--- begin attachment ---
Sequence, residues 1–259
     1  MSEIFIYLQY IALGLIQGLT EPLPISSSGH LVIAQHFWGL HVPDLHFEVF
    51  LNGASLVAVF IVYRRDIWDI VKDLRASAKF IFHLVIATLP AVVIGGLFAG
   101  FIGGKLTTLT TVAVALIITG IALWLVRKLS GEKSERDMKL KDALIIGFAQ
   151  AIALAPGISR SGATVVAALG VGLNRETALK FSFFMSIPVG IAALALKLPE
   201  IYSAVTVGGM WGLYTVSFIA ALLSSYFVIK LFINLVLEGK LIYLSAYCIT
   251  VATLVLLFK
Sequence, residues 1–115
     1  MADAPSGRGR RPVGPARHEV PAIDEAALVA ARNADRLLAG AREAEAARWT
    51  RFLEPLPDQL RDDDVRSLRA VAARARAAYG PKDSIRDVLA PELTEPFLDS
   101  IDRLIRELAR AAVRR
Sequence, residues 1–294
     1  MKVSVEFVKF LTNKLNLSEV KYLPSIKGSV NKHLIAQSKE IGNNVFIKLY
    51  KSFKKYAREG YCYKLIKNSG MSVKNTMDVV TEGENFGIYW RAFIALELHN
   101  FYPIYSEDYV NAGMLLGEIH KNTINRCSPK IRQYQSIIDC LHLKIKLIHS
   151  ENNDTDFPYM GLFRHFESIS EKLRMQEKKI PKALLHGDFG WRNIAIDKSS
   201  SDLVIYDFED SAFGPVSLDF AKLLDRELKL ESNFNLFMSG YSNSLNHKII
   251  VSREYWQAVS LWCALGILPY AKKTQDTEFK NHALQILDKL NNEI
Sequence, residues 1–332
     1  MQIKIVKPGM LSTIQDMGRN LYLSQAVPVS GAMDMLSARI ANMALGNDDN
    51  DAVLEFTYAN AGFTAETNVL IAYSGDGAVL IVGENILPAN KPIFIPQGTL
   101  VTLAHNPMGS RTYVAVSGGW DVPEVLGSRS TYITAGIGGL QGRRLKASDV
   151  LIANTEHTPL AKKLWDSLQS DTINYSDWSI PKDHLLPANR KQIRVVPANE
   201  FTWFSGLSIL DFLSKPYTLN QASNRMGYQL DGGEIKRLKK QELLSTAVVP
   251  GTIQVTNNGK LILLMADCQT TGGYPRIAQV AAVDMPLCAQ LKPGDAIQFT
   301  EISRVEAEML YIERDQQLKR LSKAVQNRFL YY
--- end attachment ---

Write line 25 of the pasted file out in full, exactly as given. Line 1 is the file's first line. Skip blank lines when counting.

   251  GTIQVTNNGK LILLMADCQT TGGYPRIAQV AAVDMPLCAQ LKPGDAIQFT